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Note to self:

Remember that time your toddler put an entire roll of toilet paper down the sink and then turned the sink on and flooded the place until your housemate came upstairs to find out why it was raining in her bathroom? Remember how even while your mommy-brain was horrified and embarassed, your author-brain couldn’t help noticing how funny it was?

You, as author, would only include that scene once in the comic novel you like to pretend you are living. Your toddler, however, does not share your restraint.

Which is to say, Self, that you might consider putting the toilet paper out of reach from now on, since she obviously still thinks flooding the bathroom with soapy water and paper paste is funny.


We put out compost, examined the soil and observed how it’s still all frozen, watched some birds flutter around the rooftop and call to each other. And we talked about the garden rails. Our garden is a couple of raised beds built probably a decade ago by the previous folks. The wood sides of the beds are rotting and falling apart. I mentioned to Rio that I would probably replace them with cinder blocks this summer, and she walked on one and knocked a few chunks of rotten wood off.

A few minutes later, while bird-watching, one of our cats came by and clawed at the wood, like cats do. And Rio said, “AHA! I see what is going on here! I get it now! A long time ago, before any humans lived in this part of the world, this wood was strong and whole. Then a swarm of cats came and scratched it all up and made it fall apart. I figured it out!”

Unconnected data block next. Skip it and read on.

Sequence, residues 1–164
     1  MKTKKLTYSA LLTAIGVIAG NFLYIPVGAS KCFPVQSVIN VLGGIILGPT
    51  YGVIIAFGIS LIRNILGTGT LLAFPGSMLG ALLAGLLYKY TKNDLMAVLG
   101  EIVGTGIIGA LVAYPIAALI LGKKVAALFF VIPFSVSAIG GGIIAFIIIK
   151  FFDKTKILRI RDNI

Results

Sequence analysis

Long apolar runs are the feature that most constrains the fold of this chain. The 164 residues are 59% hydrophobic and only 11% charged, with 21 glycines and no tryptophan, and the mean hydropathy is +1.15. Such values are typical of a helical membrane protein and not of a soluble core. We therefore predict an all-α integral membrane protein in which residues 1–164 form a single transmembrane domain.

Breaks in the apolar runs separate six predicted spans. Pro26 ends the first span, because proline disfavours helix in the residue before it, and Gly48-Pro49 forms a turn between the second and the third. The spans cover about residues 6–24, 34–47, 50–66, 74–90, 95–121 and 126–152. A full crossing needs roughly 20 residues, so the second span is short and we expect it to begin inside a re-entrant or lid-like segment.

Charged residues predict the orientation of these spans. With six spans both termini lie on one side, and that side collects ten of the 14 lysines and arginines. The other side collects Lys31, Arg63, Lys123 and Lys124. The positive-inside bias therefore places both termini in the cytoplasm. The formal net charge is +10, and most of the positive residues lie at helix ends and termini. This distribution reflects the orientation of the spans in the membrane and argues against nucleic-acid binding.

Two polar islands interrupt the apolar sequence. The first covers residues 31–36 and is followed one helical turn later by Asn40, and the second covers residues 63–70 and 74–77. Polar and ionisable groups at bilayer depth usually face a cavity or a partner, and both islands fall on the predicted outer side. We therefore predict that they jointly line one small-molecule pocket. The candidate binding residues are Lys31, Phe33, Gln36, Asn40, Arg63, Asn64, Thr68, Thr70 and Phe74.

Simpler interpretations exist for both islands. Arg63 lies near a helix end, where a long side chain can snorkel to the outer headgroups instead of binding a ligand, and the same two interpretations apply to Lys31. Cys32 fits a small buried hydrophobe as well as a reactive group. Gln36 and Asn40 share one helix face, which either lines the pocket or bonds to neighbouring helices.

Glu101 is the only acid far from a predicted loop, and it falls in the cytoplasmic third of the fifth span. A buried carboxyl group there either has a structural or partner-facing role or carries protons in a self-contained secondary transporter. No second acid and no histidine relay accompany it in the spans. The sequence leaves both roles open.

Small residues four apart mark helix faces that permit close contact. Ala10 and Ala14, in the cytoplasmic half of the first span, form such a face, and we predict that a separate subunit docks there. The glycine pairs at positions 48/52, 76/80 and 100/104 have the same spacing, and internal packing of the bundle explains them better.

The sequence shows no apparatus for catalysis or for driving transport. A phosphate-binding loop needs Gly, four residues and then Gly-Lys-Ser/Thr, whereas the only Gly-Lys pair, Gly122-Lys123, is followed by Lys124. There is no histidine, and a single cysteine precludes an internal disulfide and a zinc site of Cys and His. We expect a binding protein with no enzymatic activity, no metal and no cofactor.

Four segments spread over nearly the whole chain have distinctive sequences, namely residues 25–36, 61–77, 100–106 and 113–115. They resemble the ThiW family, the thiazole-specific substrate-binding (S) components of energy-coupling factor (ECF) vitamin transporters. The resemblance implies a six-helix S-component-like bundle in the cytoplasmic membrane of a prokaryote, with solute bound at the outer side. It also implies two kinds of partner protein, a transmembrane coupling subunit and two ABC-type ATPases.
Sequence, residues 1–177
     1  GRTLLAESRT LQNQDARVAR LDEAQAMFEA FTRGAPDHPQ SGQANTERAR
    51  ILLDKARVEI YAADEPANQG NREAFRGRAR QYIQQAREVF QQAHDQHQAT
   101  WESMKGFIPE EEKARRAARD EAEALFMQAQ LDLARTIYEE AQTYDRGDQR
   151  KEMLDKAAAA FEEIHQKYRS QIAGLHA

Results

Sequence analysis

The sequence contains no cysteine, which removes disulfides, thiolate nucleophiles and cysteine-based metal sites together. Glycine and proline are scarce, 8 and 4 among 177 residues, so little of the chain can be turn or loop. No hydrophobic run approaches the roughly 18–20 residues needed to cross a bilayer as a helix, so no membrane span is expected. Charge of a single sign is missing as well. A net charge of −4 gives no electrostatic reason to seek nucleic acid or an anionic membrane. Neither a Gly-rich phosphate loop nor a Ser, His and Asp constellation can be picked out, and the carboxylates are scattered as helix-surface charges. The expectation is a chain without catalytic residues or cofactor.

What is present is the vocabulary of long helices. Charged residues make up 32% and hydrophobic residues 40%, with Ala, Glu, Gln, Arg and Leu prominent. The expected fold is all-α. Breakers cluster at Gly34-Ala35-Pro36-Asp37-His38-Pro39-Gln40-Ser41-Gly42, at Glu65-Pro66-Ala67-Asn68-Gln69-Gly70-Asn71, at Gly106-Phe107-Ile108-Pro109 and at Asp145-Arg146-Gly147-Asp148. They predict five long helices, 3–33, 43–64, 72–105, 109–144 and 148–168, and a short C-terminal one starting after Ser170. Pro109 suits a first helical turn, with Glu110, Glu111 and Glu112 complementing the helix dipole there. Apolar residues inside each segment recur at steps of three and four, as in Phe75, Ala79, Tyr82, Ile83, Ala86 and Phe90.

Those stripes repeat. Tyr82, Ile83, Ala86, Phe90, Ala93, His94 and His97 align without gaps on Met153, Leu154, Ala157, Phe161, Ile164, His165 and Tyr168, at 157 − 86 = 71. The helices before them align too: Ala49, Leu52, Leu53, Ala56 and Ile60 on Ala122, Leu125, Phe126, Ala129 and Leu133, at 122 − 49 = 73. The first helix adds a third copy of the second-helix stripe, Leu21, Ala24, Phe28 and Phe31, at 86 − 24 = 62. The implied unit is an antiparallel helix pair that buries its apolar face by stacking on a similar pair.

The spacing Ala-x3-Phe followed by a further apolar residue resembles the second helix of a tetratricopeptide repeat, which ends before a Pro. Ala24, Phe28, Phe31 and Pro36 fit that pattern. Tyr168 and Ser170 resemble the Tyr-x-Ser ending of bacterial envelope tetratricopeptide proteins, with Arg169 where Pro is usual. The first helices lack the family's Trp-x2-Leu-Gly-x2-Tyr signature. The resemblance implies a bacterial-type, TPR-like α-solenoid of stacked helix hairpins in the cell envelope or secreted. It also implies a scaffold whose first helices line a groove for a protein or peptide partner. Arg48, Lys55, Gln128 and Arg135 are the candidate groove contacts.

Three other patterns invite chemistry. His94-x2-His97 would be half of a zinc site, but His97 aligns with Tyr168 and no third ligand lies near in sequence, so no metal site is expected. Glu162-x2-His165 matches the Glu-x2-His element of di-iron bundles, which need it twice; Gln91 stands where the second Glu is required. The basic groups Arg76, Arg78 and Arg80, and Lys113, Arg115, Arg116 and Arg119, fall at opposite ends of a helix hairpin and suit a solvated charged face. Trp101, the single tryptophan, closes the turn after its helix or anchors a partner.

the kids are playing house.

Rio: I want to be the Mama!

Her friend: I want to be the Mama!

Rio (agitated): No! I am the Mama!

Friend (more agitated): NO! I will only play if I can be the Mama!

Me: Hey! Remember how your friend C has two Mamas? You could both be the Mama.

Both girls: OK!

They ran off to play happily. This was roughly the parenting equivalent of sinking a basket from mid-court.

So Rio and her dad went to the kindergarten open house at our neighborhood school. I would have gone, but the baby fell asleep at an inconvenient time, and we are strict followers of the “Never Wake A Sleeping Baby” school of parenting.

Rio came home from the open house literally vibrating with excitement. “Mama! You are going to change your mind about me not going to that school when you see what they have there! They have music! And Reading! AND FIRST GRADE!”

I hugged her on my lap and helped her off with her boots while her dad came in. He looked sort of gray and shook his head firmly “no” while Rio was not looking. When I asked him later, he said that he found the prominently displayed flags and pledge of allegiance off-putting, and that he really could not see Rio thriving in an environment where she was expected to stay indoors, follow directions and sit still most of the day.

I tend to concur, but Rio made any negotiation about it unnecessary by declaring that kindergarten looked boring and she wishes to go directly to first grade. I told her they won’t let go to first grade until she’s six (which I assume is true, since she’s not reading yet), and that we can talk about it next year. At which point she asked if she could keep homeschooling instead of doing kindergarten and I readily agreed.

I’ve also stepped up the focus on getting her social needs met, since I think that was the primary factor in her wanting to check out school. Arranging playdates is hard, but worthwhile, and I’ve been having a little more success networking with other homeschooling families in Somerville.

I am very gradually learning that what I think of as weak spots in my personality, and especially in my parenting, are often perceived by others as strengths.